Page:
Have I found my ultimate camera?

A couple of years ago, I started – and completed – a 365 project. I not only took a picture everyday for a year, I also wrote a daily blog to accompany those pictures. You can still read it here if you’re interested.

Any photographer who has completed a 365 project will draw different conclusions from the process. It taught me to see photographs everywhere I looked, it confirmed that photography is the greatest hobby/job on earth and it also made me realise that I didn’t have a true ‘go anywhere and everywhere’ camera. My 365 was completed using a variety of different bits of kit. Some Fujifilm, some not – I just tended to shoot with what I had handy. And that annoyed the hell out of me.

Impressive sharpness at a higher ISO. 1/45sec at f/4, ISO 1600

Ever since then, I’ve been looking for a camera that can accompany me everywhere I go; a camera that I can have a relationship with, a camera that I can learn to use intuitively, a camera that if I spend enough time with it I’ll know exactly how it’s going to perform in any given situation. Stop me if this is sounding a bit weird.

That ideal camera isn’t a DSLR or a CSC (too big), it isn’t the X100S either (I’m just not that disciplined), but every since I was handed an X30 a couple of weeks ago, I’ve had the feeling that my search is over. It’s early days, of course, we’re still in the honeymoon period, but after three weeks of carrying Fujifilm’s latest premium zoom compact everywhere with me, here are three things I love about my new magnesium-bodied mate…

1) The viewfinder
We all like the Real Time viewfinder in the X-T1, right? Well the X30 has got one too and it’s just as good. OK, it’s not as big, but the detail is there, the pre-visualisation of camera functions is there and the orientation sensor is there – no matter which way you hold the camera, the shooting information stays at the bottom of the frame. Some detractors have suggested that the lack of optical viewfinder makes the front of the camera look slabby and ugly. They’re wrong.

Great vibrancy on the greens. 1/150sec at f/3.2, ISO 400

2) The customisation
One of very few failings of the X100S is the fact that there’s only one customisable function button, the same issue afflicted the X10 and X20. But the X30 has six buttons that can have functions re-assigned. Not only that, there’s also a Control Ring around the zoom barrel that has further customisable functionality. This is a great move. I don’t use Wi-Fi very often, so that button has been re-assigned to control the ISO instead. I’ve done the same with other buttons, although I have occasionally forgotten what I’ve assigned to what. This is down to my advancing years, nothing more.

Wide maximum aperture makes it easy to focus attention on certain parts of the frame. 1/75sec at f/2.8, ISO 400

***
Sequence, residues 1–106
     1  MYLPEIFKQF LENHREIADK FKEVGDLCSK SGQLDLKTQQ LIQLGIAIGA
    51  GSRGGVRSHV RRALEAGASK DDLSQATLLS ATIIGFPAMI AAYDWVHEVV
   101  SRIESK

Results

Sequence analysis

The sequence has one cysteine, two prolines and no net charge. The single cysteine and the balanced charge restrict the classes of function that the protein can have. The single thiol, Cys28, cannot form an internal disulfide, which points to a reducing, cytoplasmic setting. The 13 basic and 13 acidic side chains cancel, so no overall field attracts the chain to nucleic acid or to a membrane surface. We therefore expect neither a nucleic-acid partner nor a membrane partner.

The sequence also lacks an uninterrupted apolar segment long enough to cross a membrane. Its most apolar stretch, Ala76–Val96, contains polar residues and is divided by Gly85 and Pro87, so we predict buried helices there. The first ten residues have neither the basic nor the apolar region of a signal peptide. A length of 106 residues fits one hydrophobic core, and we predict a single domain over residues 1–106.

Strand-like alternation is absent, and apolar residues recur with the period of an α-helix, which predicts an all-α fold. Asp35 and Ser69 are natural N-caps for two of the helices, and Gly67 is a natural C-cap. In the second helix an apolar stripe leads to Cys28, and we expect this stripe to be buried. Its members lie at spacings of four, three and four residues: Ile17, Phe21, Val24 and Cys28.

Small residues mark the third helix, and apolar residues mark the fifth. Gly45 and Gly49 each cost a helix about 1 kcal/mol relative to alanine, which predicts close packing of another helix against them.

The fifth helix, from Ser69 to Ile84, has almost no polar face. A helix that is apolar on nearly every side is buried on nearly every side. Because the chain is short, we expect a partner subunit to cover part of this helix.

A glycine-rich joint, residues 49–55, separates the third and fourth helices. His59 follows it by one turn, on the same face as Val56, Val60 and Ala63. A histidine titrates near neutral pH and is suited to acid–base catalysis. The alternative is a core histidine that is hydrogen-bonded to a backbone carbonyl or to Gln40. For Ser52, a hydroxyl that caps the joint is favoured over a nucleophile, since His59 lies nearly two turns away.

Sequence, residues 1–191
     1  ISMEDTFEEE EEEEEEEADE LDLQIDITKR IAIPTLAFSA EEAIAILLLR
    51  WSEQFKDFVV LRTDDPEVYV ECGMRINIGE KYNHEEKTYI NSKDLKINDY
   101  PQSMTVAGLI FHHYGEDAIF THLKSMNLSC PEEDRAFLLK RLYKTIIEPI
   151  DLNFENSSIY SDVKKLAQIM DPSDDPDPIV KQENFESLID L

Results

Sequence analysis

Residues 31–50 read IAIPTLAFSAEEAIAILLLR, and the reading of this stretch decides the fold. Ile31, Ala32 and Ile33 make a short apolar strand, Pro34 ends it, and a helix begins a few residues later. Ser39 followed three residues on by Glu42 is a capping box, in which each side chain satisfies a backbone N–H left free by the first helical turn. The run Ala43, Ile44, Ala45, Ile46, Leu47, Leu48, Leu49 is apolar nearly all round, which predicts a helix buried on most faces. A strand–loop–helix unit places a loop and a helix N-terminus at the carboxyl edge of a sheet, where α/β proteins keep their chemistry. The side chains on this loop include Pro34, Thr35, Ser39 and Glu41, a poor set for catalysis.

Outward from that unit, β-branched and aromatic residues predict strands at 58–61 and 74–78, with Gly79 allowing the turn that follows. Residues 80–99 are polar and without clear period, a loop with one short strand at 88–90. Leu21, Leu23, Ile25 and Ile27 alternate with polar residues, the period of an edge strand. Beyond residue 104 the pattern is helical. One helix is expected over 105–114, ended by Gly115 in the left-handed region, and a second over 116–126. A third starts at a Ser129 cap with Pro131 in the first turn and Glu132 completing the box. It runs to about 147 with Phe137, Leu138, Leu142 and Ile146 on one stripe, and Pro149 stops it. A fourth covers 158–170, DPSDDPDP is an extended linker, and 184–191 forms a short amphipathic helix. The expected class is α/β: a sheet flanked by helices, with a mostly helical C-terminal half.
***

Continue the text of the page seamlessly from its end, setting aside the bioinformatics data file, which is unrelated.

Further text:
3) The picture quality
The X30 doesn’t need a one-inch sensor. ⅔-inch does just fine. That 28-112mm lens is lovely and sharp, too and gives me just the right amount of framing versatility. It’s an X100S for lazy people, sort of.

Impressive macro, great colours. 1/50sec at f/2.8, ISO 400

Only time will tell if the X30 is going to be my ideal camera, whether we’re going to walk off into the sunset, hand in (much larger) handgrip, but in the early stages of our relationship, I have to admit that we’re getting on famously. It could be the one…

6 thoughts on “Have I found my ultimate camera?”

  1. Roger - Dr Roger Prentice – England - UK – Now I write, teach and coach mainly self-understanding. At advanced levels About 21stC 'interfaith as inter-spirituality' - and how we can grow closer to our True Self. In the past I : . 1) I ran courses and give talks at conferences and in universities and colleges in the UK, China, USA, Canada, Scandinavia etc. . 2) I provided materials, outlines and lessons for Schools. . 3) My range of interests include personal development, learning and teaching, photography and film, the arts generally, spirituality and educational practice and theory. . 4) At the same time I continue developing the human-centred studies SunWALK PDS (People Development System) - a whole-person, high-achievement model for individuals, and for use in, NGOs, schools and other organizations. . 5) The key question that continues to animate me and my work remains, "What is it to be fully and positively human?" . Contact me via onesummit AT gmail DOT com (replace At with@ etc.). . All good wishes Roger (Dr Roger Prentice) . For those interested; My first degree is in English and Education. My masters is in Adult and Community Education. My doctorate presented a new holistic meta-model of education called SunWALK.